Today, we have submitted a letter to all Members of Parliament in New Zealand requesting their support for freedom of movement with the United Kingdom, Australia and Canada.
All 121 members have received the letter attached below, outlining the benefits of free movement for New Zealand citizens and the economy.
If you would also like to connect with your local Member of Parliament and pledge your support for free movement between the UK, Australia, New Zealand and Canada, please visit our “Help Us” section or click here.
Dear Honourable Member,
With the United Kingdom’s momentous decision to leave the European Union, New Zealand has been given a truly once in a lifetime opportunity to reassert our bonds with the Commonwealth nations of the UK, Australia and Canada.
As Britain negotiates their exit from the EU, we can begin to negotiate for the re-establishment of our citizens’ rights to live and work in the UK and Canada, based on the model of our highly successful Trans-Tasman Travel Arrangement with Australia.
In pursuing this, we will assist the United Kingdom in embracing their new future outside the European Union and forging a new role in the world, which will leave New Zealand more prosperous and diplomatic. The benefits of re-establishing our citizens’ rights to live and work in Canada and the United Kingdom will be substantial, and will, in our estimation, form an important bridge in allowing our economy to evolve into a leader of innovation, giving New Zealand a real and decisive competitive advantage in the global economy while retaining control over immigration and border security.
Re-establishing citizens’ rights to live and work throughout the Commonwealth has wide spread support in all four nations. A major international poll conducted by the Royal Commonwealth Society, in March 2016, found that 70% of Australians, 75% of Canadians, 82% of New Zealanders and 58% of Britons support the free movement of citizens between our countries. This shows a remarkable level of support and provides a clear mandate for promoting free movement within the parliament of New Zealand.
The key to our future prosperity lies in how effectively we innovate and compete in an increasingly globalised marketplace. By securing the ability of New Zealanders to work and study in the United Kingdom and Canada, we will unlock a unique and substantial competitive advantage for our nation globally.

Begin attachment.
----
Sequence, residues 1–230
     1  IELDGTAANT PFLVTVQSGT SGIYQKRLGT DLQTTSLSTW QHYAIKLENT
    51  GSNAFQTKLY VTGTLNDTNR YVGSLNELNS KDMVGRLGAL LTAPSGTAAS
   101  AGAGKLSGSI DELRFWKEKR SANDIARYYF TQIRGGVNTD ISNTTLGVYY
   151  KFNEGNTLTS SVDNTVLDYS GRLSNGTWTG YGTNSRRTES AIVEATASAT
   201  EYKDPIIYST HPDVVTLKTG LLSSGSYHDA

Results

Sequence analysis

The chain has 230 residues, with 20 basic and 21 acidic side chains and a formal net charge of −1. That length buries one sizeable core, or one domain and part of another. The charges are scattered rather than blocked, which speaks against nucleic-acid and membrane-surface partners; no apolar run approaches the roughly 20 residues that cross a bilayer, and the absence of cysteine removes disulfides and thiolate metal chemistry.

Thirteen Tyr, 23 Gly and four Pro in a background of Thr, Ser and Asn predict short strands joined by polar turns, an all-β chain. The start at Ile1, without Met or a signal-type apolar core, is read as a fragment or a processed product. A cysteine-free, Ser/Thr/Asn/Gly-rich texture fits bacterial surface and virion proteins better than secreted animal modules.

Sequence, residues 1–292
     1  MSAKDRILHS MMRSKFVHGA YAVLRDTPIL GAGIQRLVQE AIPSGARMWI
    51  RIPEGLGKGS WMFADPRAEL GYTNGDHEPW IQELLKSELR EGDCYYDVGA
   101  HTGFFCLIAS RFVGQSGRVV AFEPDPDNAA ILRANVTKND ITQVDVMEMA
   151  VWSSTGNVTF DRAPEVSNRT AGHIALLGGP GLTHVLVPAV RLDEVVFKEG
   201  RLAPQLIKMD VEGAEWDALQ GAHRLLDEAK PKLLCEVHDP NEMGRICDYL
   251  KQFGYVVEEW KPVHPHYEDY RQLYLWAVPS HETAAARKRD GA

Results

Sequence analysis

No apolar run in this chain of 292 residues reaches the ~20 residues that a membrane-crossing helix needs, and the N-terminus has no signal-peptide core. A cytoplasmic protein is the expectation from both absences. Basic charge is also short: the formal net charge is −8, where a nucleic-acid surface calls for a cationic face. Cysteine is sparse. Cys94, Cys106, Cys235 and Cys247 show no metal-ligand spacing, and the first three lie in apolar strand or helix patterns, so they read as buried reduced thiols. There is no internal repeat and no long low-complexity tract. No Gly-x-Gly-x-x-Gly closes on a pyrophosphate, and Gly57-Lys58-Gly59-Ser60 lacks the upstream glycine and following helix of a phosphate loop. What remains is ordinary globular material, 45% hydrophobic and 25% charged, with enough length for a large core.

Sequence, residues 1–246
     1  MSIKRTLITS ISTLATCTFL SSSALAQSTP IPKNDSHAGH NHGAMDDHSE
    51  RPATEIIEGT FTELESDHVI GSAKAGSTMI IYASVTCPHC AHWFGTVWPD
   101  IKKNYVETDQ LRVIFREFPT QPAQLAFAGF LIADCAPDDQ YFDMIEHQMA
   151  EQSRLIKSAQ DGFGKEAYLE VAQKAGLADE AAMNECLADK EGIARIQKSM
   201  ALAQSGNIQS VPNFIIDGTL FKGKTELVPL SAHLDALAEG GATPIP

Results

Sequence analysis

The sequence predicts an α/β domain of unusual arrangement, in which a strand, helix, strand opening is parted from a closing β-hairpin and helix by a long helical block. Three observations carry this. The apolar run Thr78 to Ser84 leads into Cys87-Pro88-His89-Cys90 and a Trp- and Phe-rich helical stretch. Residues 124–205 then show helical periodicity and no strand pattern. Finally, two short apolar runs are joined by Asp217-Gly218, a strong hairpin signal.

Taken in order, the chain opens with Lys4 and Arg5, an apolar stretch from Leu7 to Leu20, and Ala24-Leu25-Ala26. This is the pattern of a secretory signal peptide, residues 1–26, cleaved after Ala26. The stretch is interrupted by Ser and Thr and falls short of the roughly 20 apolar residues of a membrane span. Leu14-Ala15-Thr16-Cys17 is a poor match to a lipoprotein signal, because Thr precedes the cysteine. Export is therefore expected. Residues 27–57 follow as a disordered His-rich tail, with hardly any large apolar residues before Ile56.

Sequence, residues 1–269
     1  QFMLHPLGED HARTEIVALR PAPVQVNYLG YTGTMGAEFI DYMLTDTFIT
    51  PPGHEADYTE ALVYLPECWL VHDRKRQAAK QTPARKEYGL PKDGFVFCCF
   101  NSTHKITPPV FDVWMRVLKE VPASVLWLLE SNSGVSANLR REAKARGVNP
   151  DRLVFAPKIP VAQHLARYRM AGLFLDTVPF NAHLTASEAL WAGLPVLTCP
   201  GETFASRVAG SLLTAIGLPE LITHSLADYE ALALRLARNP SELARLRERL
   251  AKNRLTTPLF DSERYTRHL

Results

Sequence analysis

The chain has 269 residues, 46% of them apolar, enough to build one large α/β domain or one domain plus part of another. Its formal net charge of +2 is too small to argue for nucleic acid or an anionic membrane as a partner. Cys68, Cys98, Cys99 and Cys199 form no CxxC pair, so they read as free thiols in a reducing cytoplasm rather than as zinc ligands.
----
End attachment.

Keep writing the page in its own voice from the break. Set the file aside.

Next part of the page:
In effect, we will create the foundation of a single labour market servicing the world’s third largest combined economy. Throughout this huge region, New Zealanders will work and study freely while our businesses recruit the best talent, all without the cost, risk and often lengthy delays currently experienced.
The ability of New Zealanders to work and study in both Canada and the UK will also promote innovation, as we will have unparalleled access to the ideas and innovations being developed in the European, North American and the Asian-Pacific markets.
The expansion of the special visa scheme should, in our opinion, be secured through non-binding ministerial agreements such as those which form the basis of the Trans-Tasman Travel Arrangement. The advantage of this approach is that it leaves New Zealand free to adjust the agreement(s) as the situation demands without impediment, as well as ensuring that we retain full control over our borders and immigration system with no dilution of sovereignty.
With the United Kingdom voting to leave the European Union, we now have the greatest opportunity for our nation to achieve freedom of movement, and secure economic and social prosperity for citizens of New Zealand, Canada, Australia and the United Kingdom. We share the same Head of State, the same common-law legal system, the same culture, the same respect for democracy and even the same language. It is now time for us to embrace our historical ties, and grasp the substantial benefits that freedom of movement between our four nations would bring.
I look forward to your response, and sincerely hope we can work together in promoting this popular mandate within the parliament of New Zealand.